Betting Your Head

What's the difference between accountability and responsibility? It's an important question these days as businesses wrestle with decisions that will affect their destinies for years to come. You can be responsible without being accountable, but not vice versa. The folks who are accountable are the ones who go to the guillotine; those who are merely responsible get to watch, peering nervously from behind pillars and around corners. There's room for only one head in the guillotine. That's why it takes courage to accept accountability (just ask the chief executives of Ford Motor Co. and United Air Lines Inc., who recently became public poster boys for their companies' high-profile business calamities).

Career-long business survival consists of a seemingly endless series of decisions. But before any decisions get made-whether they are your's or someone else's-it's helpful to know who's really in charge of what. Who will ultimately be held accountable for success (and thus uplifted) or for failure (and maybe get beheaded in the town square)?

Problem is, sometimes it's hard to know who's accountable for what. Try this. Go ask 20 people in your business this question: "Who is ultimately accountable for the success or failure of our Web initiatives?" Get ready for some surprising answers, because they're likely to be all over the map.

You need to know who plays what roles. And this information has to be clearly communicated throughout your entire business. Yet how many companies out there are stuck in the mud because their sheer size creates massive inertia? Too many divisions and power centers, too many separate goals, too little time, too few people who stick around long enough in any one role to make a difference.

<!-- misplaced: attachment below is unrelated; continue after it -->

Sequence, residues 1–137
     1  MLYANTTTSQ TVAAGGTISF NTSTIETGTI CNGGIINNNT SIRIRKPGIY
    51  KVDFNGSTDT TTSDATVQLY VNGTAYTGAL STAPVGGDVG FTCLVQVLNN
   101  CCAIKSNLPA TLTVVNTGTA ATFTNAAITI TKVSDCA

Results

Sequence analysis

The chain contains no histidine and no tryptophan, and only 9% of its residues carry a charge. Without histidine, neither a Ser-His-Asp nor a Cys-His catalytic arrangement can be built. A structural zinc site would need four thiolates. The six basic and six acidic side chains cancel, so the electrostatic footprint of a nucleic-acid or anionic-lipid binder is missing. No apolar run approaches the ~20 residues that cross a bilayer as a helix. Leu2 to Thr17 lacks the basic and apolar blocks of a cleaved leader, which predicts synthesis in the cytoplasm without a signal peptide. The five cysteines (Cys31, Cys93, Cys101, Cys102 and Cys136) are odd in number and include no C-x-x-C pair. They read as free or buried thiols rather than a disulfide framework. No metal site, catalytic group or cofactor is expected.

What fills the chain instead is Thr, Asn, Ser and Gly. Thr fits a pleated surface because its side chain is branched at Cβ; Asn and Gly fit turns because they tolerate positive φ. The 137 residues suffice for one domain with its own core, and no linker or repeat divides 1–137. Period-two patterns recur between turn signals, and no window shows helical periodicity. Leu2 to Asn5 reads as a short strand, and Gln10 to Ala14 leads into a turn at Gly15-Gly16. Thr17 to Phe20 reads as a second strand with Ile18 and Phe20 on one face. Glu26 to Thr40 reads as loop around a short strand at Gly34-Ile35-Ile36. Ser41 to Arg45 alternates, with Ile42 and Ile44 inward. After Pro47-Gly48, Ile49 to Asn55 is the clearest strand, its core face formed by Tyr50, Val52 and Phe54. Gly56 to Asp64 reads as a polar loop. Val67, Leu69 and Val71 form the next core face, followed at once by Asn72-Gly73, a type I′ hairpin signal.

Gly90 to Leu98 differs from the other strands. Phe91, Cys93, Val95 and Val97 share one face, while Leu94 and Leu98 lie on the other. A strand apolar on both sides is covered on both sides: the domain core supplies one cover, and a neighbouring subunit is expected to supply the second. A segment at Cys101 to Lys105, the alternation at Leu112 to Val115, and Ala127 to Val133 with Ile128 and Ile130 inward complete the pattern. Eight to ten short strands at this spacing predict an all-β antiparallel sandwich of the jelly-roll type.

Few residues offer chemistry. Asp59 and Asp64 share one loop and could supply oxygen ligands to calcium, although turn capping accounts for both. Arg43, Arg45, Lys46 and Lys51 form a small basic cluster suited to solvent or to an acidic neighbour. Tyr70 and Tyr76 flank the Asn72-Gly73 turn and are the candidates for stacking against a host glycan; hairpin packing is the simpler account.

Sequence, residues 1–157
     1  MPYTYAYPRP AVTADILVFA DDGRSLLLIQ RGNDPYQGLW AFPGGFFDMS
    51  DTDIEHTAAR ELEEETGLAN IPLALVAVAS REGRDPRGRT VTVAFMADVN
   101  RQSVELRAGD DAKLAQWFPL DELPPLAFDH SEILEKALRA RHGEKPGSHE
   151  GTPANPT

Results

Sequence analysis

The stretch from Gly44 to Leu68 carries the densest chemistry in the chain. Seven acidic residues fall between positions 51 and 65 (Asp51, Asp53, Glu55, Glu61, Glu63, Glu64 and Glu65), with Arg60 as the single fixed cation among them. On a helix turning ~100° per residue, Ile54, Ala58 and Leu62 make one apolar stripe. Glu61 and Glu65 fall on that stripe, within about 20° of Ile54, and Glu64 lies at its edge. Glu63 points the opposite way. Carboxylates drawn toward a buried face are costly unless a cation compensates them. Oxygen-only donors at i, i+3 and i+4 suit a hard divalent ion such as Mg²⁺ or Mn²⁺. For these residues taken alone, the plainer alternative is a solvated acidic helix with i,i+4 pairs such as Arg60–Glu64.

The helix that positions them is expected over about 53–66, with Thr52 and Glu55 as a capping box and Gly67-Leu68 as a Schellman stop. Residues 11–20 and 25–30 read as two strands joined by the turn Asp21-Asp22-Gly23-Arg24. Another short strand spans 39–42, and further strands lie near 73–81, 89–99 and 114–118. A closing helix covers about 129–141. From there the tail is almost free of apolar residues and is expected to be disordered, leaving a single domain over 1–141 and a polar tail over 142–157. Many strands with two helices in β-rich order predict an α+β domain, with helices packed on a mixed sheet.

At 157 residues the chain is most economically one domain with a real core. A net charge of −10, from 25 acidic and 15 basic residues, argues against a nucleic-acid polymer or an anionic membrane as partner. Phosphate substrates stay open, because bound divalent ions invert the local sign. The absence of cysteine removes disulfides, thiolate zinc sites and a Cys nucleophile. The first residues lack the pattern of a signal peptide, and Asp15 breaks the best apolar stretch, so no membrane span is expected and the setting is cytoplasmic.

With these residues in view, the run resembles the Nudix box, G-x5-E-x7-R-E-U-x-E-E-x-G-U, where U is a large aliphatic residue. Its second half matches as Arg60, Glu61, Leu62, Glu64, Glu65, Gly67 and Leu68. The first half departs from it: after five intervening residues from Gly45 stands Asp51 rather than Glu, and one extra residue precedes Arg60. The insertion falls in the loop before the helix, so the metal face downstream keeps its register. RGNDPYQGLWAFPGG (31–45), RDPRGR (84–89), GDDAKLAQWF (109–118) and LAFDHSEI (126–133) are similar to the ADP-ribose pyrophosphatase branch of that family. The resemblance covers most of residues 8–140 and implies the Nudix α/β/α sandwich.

Accountability for the transition to a digital value chain must fall squarely on the shoulders of one individual. Responsibility for executing the chosen strategy may be spread around liberally, but accountability can't be. A czar is required. This e-czar should be firmly rooted in the business side, not in IS, because technology and strategy are not the same thing (as the failure of many dotcoms illustrates). But just as you'd never design a skyscraper without the aid of competent architects and engineers, neither would you develop a Web strategy without strong input from technology wonks.

Sure, creating an e-czar position will have its downside. Depending on how you structure the office, an e-czar could become a bottleneck when speed is of the essence. But sheer speed can be overrated. A lot of Information Age roadkill has resulted from driving too fast with the headlights off.

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